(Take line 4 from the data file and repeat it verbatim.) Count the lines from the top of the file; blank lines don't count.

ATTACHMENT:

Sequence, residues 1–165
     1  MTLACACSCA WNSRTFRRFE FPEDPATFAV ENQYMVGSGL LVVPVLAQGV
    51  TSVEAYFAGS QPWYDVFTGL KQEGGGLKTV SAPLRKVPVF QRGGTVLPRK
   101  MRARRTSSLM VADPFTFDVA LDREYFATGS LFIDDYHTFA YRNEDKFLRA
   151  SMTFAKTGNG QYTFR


   101  MRARRTSSLM VADPFTFDVA LDREYFATGS LFIDDYHTFA YRNEDKFLRA